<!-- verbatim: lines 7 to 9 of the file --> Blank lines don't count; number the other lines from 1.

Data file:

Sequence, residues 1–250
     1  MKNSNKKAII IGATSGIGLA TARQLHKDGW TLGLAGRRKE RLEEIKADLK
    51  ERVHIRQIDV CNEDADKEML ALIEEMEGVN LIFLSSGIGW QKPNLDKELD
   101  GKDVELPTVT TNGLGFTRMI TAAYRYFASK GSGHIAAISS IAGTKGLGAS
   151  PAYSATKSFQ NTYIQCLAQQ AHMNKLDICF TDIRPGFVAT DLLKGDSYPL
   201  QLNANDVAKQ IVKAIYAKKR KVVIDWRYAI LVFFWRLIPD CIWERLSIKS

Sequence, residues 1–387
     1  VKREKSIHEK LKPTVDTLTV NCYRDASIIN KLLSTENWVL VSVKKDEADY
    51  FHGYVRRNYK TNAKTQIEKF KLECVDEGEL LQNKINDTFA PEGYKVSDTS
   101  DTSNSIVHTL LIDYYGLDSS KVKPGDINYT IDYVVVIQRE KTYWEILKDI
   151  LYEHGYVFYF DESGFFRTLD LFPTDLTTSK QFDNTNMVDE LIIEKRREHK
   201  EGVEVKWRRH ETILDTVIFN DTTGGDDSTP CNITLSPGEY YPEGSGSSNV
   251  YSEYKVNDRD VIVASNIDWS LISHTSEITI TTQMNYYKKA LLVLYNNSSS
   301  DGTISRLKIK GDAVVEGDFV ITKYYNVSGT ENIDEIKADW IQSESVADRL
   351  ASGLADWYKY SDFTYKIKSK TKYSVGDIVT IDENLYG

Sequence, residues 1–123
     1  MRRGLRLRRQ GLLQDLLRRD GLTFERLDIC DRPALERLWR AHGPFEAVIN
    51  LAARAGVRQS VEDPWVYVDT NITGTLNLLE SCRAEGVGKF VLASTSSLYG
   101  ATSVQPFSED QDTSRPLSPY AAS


Sequence, residues 1–387
     1  VKREKSIHEK LKPTVDTLTV NCYRDASIIN KLLSTENWVL VSVKKDEADY
    51  FHGYVRRNYK TNAKTQIEKF KLECVDEGEL LQNKINDTFA PEGYKVSDTS